A chainsaw-wielding, self-professed “anarcho-capitalist” is now one step closer to overhauling Argentina’s beleagured economy — by throwing out the nation’s peso currency and adopting the US dollar as legal tender.
Javier Milei, a far-right libertarian presidential candidate, has made “dollarizing” Argentina a signature proposal of his campaign, hailing it as a cure for the country’s hyperinflation problem. It’s a step other countries have taken, just none the size of Argentina.
Milei, a former financial analyst, came second in the first round of the election on Sunday behind Sergio Massa, Argentina’s incumbent left-wing economy minister. The two candidates are set to compete in a run-off vote next month.
He may now try to gain support from centrists by moderating his stance on the economy. JP Morgan analysts noted that he did not use the word “dollarization” during a speech Sunday. But markets will be on tenterhooks for what they say is likely to be a tight race.
For years, Argentinians have preferred to pay for many goods and services in greenbacks, rather than with their own collapsing currency, as part of an informal “blue dollar” currency market.
The value of the peso has plummeted 858% against the US dollar over the past five years as the central bank printed more of the currency to help the country’s spendthrift government avoid defaulting on its debts. That, in turn, fueled rampant price rises.
Annual inflation topped 138% in September, its highest level in 32 years, according to data from the National Institute of Statistics and Censuses.
But full and formal dollarization would push the economy into whole new territory. According to analysts, it would also be a gargantuan task.
To dollarize its economy, Argentina would need to exchange all pesos held by its people and businesses for US dollars, and assign a dollar value to all of its assets and contracts.
Such a move would effectively disband Argentina’s central bank, handing the reins of monetary policy — that is, the power to set interest rates and print more money — over to the US Federal Reserve. The Fed would continue to set the cost of borrowing based on the needs of the US economy, not Argentina’s.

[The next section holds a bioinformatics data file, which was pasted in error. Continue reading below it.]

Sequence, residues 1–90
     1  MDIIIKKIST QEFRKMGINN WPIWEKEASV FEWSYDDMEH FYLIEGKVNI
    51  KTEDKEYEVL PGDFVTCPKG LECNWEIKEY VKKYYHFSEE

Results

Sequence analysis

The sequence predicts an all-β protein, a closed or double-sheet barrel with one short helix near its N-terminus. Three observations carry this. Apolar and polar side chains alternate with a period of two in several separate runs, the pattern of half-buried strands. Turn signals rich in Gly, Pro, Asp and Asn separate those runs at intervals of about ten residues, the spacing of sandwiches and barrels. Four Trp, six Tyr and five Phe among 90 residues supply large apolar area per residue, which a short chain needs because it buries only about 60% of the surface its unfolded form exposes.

Milei has argued that surrendering autonomy to Washington is a necessary step to instil discipline into Argentinian policymakers. It would mean Argentina would no longer be able to print money.
Natacha Pisarenko/AP/Matias Baglietto/Reuters
Left: Argentina’s current Economic Minister and left-wing presidential candidate Sergio Massa; right: far-right libertarian presidential candidate Javier Milei.
“That’s been the problem for Argentina to cover fiscal shortfalls: It gets the copy machine going in the central bank and starts printing money,” Christopher Sabatini, senior research fellow for Latin America at Chatham House, told CNN, adding that dollarization would “impose fiscal discipline,” helping to cool inflation.
Economists at Capital Economics wrote in an August note that dollarized countries El Salvador, Panama and Ecuador show “markedly lower inflation than elsewhere in the region.”
Kimberley Sperrfechter, an emerging markets economist at Capital Economics, thinks a dollarized Argentina would have little impact on the United States as it is a “relatively minor player” in global trade.
“(Argentina’s) a relatively closed economy,” she told CNN. “It has capital controls so it’s difficult to get money out of (the country).”
But dollarization is not a panacea for Argentina’s crisis-stricken economy, analysts say.
“(The policy) is seen as this kind of silver bullet that will solve all of Argentina’s problems, and I think that just isn’t correct,” Sperrfechter said. “Fiscal policy will still be at the whims of politicians,” she added.
While a dollarized economy would likely be protected against rocketing inflation and sharp currency drops, Capital Economics noted, it would become more vulnerable to a process known as “internal devaluation.”
Because Argentina would no longer control its exchange rate, it would be unable to absorb shocks to its economy by lowering the value of its currency. Instead, stabilizing the economy and remaining competitive in export markets would require cuts to wages and prices at home.
Even when it keeps a lid on inflation, dollarization does not guarantee against default. Ecuador — which is one fifth the size of Argentina’s $622 billion economy — has defaulted on its debts twice since it adopted the greenback in 2000.
There’s another significant snag in Milei’s plan: Argentina doesn’t have enough dollars to ditch the peso.
According to Capital Economics, Argentina has a $7.5 billion hole in its foreign currency reserves, meaning it owns fewer dollars than it owes to its creditors abroad.
“The central bank doesn’t have enough dollars. They just aren’t there. It’s still got a $44 billion debt with the (International Monetary Fund) which it doesn’t have enough hard currency to pay back,” Sabatini said.
Luis Robayo/AFP/Getty Images
A sign with exchange currency values of the unofficial so-called “Blue Dollar” of the parallel market is displayed in the window of a store in Buenos Aires on October 10, 2023.
The government would likely find it difficult to raise the dollars through other means.
The IMF has effectively barred Argentina from accessing international markets while it pays back its debts, Sabatini explained. The government would also need to convince its citizens at home and abroad to return their pesos en masse, he said, and to do so calmly to avoid a “wave of speculation” further trashing the value of the local currency.
“People would need to take wheelbarrows of cash to convert to dollars,” Sabatini said. “The sheer complexity of what (Milei’s) tossing around as an idea… is difficult to conceive of on a practical level.”